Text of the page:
Shot in the real-life contemporary art world, FEMALE HUMAN ANIMAL is a psychothriller about a creative woman disenchanted with what modern life has to offer her. When writer Chloe Aridjis ...
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An abandoned seaside resort. The shooting for a fantasy film about the end of an era wraps up. Two women, both members of the film crew, one an actress, the other a director, Apocalypse and... See full summary »
Anne Lise Maulin
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Shot in the real-life contemporary art world, FEMALE HUMAN ANIMAL is a psychothriller about a creative woman disenchanted with what modern life has to offer her. When writer Chloe Aridjis curates the Tate retrospective of the surrealist Leonora Carrington, an elusive, brooding man appears, seeming to offer more. Enabled by the artworks' defiant mystery, Chloe pursues him. But as she descends into a world of obsession, is she hunter or hunted? A darkly romantic enactment of a woman going beyond societal norms, it puts on screen the lurid unconscious of our new sexual politics. Featuring the Volksbuhne's Marc Hosemann, appearances from cultural figures like Juliet Jacques, Marina Warner, Adam Thirlwell, Stewart Home and Tom McCarthy, scored by Andy Cooke with new music from TEARIST and electronica originators O.M.D., Female Human Animal also pays homage to its guiding feminist spirit, the iconic artist and writer Leonora Carrington.
Intriguing But Hollow, Though Maybe That's The Point
I was intrigued by this because of the poster and its description as both a 'documentary' AND 'thriller'*, so went into it with no further knowledge. I liked that it appears to have been shot on some form of low-resolution video, which gives it an unusually archaic and low-fi quality that cannot help but stand out in 2019, although on the downside can also make it look quite cheap and amateurish.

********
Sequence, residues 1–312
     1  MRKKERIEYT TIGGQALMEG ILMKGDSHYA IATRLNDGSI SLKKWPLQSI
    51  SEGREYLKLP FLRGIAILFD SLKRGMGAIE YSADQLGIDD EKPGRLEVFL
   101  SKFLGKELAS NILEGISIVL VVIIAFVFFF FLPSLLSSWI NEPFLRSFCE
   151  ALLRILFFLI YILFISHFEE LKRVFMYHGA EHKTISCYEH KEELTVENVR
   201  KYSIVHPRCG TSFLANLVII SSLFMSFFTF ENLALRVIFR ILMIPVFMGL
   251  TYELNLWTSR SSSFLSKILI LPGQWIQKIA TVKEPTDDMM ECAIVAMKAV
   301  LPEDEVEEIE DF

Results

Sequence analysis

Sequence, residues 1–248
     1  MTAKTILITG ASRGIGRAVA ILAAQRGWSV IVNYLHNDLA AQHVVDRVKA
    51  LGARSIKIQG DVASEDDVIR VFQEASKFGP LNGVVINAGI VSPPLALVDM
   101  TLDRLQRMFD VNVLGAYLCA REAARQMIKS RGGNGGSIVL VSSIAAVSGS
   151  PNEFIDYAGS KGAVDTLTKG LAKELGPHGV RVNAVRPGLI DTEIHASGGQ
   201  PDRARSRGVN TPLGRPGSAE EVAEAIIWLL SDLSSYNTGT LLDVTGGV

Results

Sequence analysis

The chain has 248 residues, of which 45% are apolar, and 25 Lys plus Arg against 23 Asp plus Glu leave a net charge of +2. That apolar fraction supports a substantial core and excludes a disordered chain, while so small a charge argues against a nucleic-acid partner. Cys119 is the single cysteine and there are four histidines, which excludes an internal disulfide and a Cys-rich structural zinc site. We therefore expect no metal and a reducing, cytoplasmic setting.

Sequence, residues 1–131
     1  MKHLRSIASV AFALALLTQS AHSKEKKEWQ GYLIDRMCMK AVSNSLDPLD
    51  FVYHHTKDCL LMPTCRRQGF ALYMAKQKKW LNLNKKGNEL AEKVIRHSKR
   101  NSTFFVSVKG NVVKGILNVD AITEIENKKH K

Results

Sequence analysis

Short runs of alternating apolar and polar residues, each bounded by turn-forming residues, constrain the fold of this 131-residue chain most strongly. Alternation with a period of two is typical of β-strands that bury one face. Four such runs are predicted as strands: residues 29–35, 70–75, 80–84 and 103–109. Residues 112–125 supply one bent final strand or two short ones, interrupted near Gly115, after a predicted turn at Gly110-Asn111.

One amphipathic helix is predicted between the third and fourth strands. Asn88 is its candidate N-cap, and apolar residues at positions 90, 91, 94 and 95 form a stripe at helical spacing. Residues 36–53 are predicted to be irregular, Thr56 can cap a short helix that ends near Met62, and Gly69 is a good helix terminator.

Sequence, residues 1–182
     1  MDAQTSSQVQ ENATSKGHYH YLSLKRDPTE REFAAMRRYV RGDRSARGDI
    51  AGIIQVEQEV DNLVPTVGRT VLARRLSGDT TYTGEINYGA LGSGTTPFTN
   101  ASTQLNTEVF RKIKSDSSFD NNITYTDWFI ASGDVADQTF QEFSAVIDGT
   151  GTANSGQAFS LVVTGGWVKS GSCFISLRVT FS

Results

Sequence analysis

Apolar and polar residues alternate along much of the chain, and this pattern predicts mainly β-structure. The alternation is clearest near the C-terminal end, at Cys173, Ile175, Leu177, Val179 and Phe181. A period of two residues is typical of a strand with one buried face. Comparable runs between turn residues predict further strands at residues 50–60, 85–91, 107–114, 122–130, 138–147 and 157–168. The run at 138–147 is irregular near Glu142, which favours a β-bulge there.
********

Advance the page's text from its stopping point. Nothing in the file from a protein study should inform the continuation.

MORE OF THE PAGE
The story follows Chloe, the almost archetypal metropolitan art-world woman: pale, harried, neurotic, feminist, sexless and over-40, committed only to her cat, attending nightly book readings with the obligatory trans authors and insufferable wine-drinking bores. She begins to see around her a somewhat bizarre man who it seems she is attracted to because he reminds her of the paintings and intense relationship of the 1930s painter Leonora Carrington, who she is so obsessed by. Is he even real?
In some ways reminiscent of Polanski's 'Repulsion' and other 60s films about crumbling female psyches, it never really approaches those heights or says anything clearly and memorably of its own, except perhaps how increasingly violent women's sexual fantasies are becoming, so its final impression is really just one of distracted whimsy. The main character is good, but the rest of the cast are sometimes distractingly amateurish, and the incessantly whistling male love-interest is never remotely realistic enough to make us think he is anything but Chloe's twisted fantasy.
On the level of a student film it's nice enough though, and I appreciate it reaching for something even if it didn't get there.
*(let's be honest, it's neither).
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